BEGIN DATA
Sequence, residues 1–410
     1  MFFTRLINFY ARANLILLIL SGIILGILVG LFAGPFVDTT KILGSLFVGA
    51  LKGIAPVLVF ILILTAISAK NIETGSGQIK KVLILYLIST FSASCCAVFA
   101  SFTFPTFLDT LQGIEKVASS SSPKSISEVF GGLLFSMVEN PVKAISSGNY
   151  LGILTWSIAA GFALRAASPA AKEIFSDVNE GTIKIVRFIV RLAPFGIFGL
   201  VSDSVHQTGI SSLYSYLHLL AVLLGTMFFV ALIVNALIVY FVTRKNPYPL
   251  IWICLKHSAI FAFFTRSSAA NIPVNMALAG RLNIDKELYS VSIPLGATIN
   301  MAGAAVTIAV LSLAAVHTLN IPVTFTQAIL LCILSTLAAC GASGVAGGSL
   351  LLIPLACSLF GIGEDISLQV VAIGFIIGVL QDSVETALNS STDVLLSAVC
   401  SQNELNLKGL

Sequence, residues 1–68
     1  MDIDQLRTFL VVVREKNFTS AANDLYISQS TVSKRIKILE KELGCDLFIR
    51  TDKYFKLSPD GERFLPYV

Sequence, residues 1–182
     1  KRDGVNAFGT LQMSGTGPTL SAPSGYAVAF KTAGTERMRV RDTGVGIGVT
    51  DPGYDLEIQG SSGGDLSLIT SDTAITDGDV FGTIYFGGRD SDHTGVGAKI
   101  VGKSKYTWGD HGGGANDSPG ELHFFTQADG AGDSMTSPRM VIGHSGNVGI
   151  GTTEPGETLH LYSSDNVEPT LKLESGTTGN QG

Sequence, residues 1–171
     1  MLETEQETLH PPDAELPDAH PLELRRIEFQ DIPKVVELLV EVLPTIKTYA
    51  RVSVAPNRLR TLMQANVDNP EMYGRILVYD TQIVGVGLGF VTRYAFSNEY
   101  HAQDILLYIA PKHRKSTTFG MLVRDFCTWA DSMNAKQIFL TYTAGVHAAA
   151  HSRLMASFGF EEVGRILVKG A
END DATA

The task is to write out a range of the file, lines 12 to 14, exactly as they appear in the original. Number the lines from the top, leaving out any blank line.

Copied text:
     1  MDIDQLRTFL VVVREKNFTS AANDLYISQS TVSKRIKILE KELGCDLFIR
    51  TDKYFKLSPD GERFLPYV

Sequence, residues 1–182